1. My old 286 ran Windows 3.0 on 1MB. GUIs don’t actually need that much memory, with smart (and non-lazy) coding, if you don’t add a ton of pointless bloat. And a quick look at the system requirements reveals that it only _needed_ 384k. Of course, it didn’t do true multitasking. Windows 3.1, which _did_, requires 3MB. The _Pico_ almost has enough ram for Windows 3.0. The Pi Zero, with 0.5GB can _trivially_ run a GUI, if it isn’t horribly bloated and lazily coded.

      1. my pi 4b has 2GB RAM, and has 1674MB free. i even disconnected the monitor but didn’t bother to kill the GUI because it has so much extra RAM. you can definitely — and easily — fit a GUI inside of 512MB. what you can’t fit is a modern browser, or gnome.

      2. The Pi Zero 2W has enough guts to support a graphic UI. The problem is that Pi OS has by default a much too small swapfile of 100 megabytes. That pretty much prevents even opening Chromium given the 512 megs of RAM. Yes, you will have swapping going on, but performance will be tolerable if you use a high write-endurance U3 SD card.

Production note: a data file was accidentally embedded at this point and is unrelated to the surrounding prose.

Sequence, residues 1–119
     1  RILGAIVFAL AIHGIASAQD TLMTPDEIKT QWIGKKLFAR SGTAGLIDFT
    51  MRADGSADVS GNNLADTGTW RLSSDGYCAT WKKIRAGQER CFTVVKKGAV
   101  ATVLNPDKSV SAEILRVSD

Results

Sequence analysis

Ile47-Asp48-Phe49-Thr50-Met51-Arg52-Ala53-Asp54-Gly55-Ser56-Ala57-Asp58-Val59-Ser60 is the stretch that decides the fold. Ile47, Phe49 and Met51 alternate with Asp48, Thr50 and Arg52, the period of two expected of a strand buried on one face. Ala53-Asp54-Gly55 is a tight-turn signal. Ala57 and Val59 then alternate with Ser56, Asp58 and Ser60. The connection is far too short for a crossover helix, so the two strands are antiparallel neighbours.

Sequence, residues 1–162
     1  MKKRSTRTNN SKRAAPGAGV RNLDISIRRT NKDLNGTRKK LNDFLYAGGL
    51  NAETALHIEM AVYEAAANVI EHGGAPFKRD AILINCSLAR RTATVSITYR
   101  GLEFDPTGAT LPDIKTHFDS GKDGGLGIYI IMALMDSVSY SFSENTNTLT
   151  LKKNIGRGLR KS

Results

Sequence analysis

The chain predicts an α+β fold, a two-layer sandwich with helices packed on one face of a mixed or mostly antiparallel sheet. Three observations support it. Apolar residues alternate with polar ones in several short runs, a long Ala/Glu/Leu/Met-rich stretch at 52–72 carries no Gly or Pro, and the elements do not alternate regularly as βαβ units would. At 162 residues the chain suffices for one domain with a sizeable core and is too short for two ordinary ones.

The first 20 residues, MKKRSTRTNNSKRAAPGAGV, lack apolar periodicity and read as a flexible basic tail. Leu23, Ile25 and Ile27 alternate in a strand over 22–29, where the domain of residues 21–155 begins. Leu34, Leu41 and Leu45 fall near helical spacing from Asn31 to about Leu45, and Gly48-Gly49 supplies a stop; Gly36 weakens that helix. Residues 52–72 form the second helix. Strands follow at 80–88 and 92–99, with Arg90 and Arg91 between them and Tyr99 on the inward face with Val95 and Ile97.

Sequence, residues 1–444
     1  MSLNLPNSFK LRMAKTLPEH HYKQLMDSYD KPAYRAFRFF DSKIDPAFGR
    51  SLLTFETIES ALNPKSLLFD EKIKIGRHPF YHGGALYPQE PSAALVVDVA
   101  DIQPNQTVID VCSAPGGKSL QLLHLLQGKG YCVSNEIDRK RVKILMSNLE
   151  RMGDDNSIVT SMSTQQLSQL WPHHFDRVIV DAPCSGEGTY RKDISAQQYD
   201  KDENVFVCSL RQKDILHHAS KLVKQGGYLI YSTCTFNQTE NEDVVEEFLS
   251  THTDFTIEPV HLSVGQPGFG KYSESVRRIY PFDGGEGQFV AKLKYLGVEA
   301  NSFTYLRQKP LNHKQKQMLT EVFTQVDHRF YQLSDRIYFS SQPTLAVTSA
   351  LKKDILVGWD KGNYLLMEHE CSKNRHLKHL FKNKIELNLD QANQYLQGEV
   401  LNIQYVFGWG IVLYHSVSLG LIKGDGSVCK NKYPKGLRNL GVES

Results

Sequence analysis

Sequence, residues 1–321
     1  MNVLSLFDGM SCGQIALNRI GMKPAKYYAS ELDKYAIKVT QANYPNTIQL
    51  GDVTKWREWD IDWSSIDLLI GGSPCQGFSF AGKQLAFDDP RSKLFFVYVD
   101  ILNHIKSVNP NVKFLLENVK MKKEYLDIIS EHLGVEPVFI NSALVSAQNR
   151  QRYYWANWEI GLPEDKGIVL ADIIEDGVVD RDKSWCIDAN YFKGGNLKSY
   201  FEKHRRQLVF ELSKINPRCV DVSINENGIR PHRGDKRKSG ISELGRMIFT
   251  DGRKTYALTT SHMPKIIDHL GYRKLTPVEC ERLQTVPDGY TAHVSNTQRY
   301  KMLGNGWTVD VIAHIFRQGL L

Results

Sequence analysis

I increase the swap to 1024 megabytes. Here is how:

        Open a terminal prompt
        sudo bash
        dphys-swapfile swapoff
        nano or vi or your preferred editor /etc/dphys-swapfile
        Change the line
        CONF_SWAPSIZE 100
        CONF_SWAPSIZE 1024
        save the file and exit the editor
        Initialize the new swap with
        dphys-swapfile setup
        exit the elevated privilege bash shell